Here in New York State, we’re lucky to have access to beautiful landscapes and local parks that showcase a variety of natural wonders. Whether it’s hiking and biking on scenic trails or embarking on a camping trip, there is so much for your family to experience this summer. But as you get out and enjoy all that New York has to offer, it’s important to remember we share the outdoors with deer ticks that could carry Lyme disease. This season, remember to check yourself, your family members and your pets for ticks after spending time outside to ensure you and your loved ones remain safe and healthy.
Lyme disease is a bacterial infection that people and pets can contract from deer ticks, which thrive in woodsy environments but can also be present in our backyards. It’s a serious issue in New York, and in 2013, 95 percent of Lyme disease cases were reported from only 14 states, including ours.
The good news is a few simple steps can help you and your family avoid ticks and prevent infection. Ticks are most common in grassy or wooded areas and can attach to you, your clothing or your pet as you pass by. Choosing lightly colored long-sleeved shirts, long pants and socks while outdoors will limit your risk of exposure and make it easier to see the black, sesame seed-sized ticks if they cling to you. You can also avoid ticks by keeping grass on your property short and sticking to the middle of walking paths. In addition, specialized tick repellents for people and pets provide extra protection.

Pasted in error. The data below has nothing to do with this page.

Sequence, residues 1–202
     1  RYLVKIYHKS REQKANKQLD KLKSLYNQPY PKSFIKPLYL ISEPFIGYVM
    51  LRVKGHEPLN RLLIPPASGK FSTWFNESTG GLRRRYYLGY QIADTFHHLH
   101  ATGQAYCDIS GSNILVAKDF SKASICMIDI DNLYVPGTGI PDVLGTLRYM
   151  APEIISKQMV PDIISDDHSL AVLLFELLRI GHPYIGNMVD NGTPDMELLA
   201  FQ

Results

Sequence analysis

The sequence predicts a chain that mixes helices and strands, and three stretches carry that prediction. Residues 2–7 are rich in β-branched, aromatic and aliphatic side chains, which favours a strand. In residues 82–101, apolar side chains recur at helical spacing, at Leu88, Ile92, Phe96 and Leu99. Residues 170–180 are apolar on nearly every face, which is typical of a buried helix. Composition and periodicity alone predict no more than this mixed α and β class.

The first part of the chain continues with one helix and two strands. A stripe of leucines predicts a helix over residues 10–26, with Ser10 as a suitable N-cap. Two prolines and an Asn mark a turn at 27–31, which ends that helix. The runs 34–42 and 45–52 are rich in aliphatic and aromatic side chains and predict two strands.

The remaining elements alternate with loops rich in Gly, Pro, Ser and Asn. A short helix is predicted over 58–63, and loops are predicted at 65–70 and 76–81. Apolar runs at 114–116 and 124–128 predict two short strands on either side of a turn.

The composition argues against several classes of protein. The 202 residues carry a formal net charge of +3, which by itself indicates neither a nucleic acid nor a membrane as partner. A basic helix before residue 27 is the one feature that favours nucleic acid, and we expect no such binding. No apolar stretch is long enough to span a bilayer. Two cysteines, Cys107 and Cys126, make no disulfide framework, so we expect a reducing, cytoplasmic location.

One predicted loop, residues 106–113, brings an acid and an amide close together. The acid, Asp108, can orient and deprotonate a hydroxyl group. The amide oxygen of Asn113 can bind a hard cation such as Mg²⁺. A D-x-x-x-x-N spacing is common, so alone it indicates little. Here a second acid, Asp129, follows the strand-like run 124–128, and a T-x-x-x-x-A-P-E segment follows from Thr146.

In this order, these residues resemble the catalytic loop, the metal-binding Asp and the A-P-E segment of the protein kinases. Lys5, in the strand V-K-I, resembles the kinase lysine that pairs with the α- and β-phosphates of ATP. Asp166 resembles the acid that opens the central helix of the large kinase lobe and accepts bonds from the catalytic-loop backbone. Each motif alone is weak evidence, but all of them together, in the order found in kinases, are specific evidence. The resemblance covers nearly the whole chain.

Always be sure to check yourself, your family and your pets for ticks after every trip outdoors. If you do find a tick, don’t panic. Use tweezers or a specialized tick-removal tool to pull the tick away from your skin in a steady, upward motion. Be sure not to jerk or twist the body of the tick, and never try to burn or “unscrew” the tick, as this can increase your risk of infection. Once the tick has been removed, clean the bite area and wash your hands thoroughly.
The symptoms of Lyme disease vary, but can include a circular rash that grows over time, joint pain, fever, chills, fatigue, stiff neck, tingling or numbness of limbs or facial paralysis. If you notice any of these symptoms in yourself or a loved one after spending time outdoors, contact your doctor right away. Lyme disease is easily treatable if caught early, but the effects can be severe when undiagnosed.
To help combat this problem, I helped pass a law creating a workgroup to research preventive measures that will help modernize the Department of Health’s treatment of infectious diseases – like Lyme disease – and minimize the harmful effects on our families (Ch. 483 of 2014). And I also helped pass a new law that will allow New York’s doctors to administer vital long-term antibiotic treatments to help victims of Lyme disease (Ch. 532 of 2014).